Kidney - Function - Structure

Table of contents:

Kidney - Function - Structure
Kidney - Function - Structure

Video: Kidney - Function - Structure

Video: Kidney - Function - Structure
Video: Structure and Function of kidney – 3D animation model 2023, March

Kidneys / urinary bladder: anatomy and function

In addition to cleaning and detoxifying the blood, the kidneys play an important role in the water and fluid balance, in regulating blood pressure and the acid-base balance. In addition, they are involved in the production of various hormones. They can only fulfill this wide range of tasks with the help of their special inner workings. It is not without reason that the kidneys with their special architecture are very important organs of the human body…


  • Continue reading
  • more on the subject
  • Advice, downloads & tools
  • Kidneys - bean-shaped organs
  • What is urine?
  • Functions of the kidneys
  • The inner workings of the kidneys
  • The urinary bladder

Kidneys - bean-shaped organs

The kidneys are reddish-brown, paired organs with a bean-like shape. With a size of around eleven by seven by four centimeters, a kidney weighs between 120 and 200 grams. The kidneys are located on both sides of the spine. The right kidney is slightly lower because of its proximity to the liver. The kidneys are located approximately below the costal arch, depending on the breath, and are partially covered by ribs. On both kidneys there is an adrenal gland - like a cap.

The kidneys are very sensitive organs and are protected by a shell made of fiber and fat capsules as well as a connective tissue-like sac (fascia). These structures are made up of connective, muscle and fat tissue. The kidneys are not encapsulated on the inside towards the spine, the so-called hilus. As a rule, there is a supplying arterial blood vessel (renal artery) and a draining vein (renal vein). The ureter, a muscle tube up to 35 cm long, is also connected to the kidney and transports the urine produced by the kidneys into the urinary bladder. There it is collected and ultimately eliminated. The urinary bladder has both a storage and an emptying function.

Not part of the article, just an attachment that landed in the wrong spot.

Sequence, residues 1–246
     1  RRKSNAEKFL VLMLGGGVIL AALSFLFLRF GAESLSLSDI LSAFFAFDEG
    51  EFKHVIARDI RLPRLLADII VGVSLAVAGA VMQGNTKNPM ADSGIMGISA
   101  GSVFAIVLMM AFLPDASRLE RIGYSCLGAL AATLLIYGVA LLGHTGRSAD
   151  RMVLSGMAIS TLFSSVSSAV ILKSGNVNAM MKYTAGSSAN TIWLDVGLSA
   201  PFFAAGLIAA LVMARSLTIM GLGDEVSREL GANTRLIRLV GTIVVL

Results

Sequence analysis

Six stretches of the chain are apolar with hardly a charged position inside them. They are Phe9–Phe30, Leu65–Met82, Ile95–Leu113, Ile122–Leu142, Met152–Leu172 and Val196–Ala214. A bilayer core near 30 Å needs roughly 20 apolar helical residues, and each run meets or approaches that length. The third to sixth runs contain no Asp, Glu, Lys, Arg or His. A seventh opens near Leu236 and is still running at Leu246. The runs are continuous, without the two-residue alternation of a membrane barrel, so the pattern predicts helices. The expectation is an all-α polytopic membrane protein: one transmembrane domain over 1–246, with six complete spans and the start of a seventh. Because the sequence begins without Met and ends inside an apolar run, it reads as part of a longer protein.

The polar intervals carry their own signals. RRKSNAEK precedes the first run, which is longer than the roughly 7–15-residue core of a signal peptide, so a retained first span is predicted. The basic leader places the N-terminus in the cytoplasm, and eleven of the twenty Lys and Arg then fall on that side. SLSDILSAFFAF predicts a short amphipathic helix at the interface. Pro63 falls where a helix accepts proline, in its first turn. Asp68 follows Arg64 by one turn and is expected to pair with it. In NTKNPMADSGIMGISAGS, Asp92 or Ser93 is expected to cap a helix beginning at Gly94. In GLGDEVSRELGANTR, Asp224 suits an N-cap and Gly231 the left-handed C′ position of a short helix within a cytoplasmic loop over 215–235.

What is urine?

Urine is actually a blood filtrate that contains water and electrolytes as well as substances that are subject to urination such as urea and uric acid, ammonia and externally supplied toxins (exogenous toxins). If, for example, proteins (amino acids, peptides), sugars (carbohydrates), fats (lipids) or blood cells are found in the urine, this can be an indication of a kidney malfunction. A normally functioning kidney partially filters these substances back because they are valuable for the body.

Functions of the kidneys

The tasks of the kidneys can essentially be assigned to the three functional areas of excretion, regulation and production:

  • Blood purification: The kidneys purify the blood. Using different filter processes, they remove toxic and urinary substances that would otherwise poison the body. These substances occur in the metabolism, among other things. In particular in the metabolism of protein, substances that are subject to urine such as ammonia, creatinine, urea and urea are formed. The breakdown of drugs can also lead to toxic substances that need to be removed from the body. The end product of the complex process of blood purification is the urine. It transports urinary substances and toxins out of the body.
  • Fluid and electrolyte balance: The kidneys regulate the excretion of water and salts (electrolytes) as required. In this way the volume and the concentration of the extracellular space are kept constant.
  • Acid-base balance: The kidneys also have a buffer function in the body through compensatory processes such as the excretion or reabsorption of acidic and basic ions, including hydrogen (H) and bicarbonate (HCO 3). Together with breathing, they maintain the acid-base balance. The lungs can react relatively quickly to changes in the pH value of the blood by exhaling carbon dioxide (CO 2). The kidneys react more slowly, but can compensate for larger amounts.
  • Blood pressure: The kidneys are involved in the regulation of blood pressure through the production of various hormones that affect the fluid and electrolyte balance (including the renin-angiotensin-aldosterone system, RAAS).
  • Formation of hormones: In addition to the blood pressure-regulating hormones, other hormones are formed in the kidneys, such as erythropoietin (EPO), which is responsible for the formation of red blood cells (erythrocytes). The hormone-like vitamin D is also converted into its active form in the kidneys.
  • Formation of vitamin D (calcitriol): The fat-soluble vitamin D can be produced by the body from cholesterol using UV light (self-synthesis). This process begins in the skin, continues in the liver, and finally ends in the kidneys. Here the inactive precursor of the liver is converted into active vitamin D (calcitriol) (hydroxylation to 1,25-dihydroxycholecalciferol).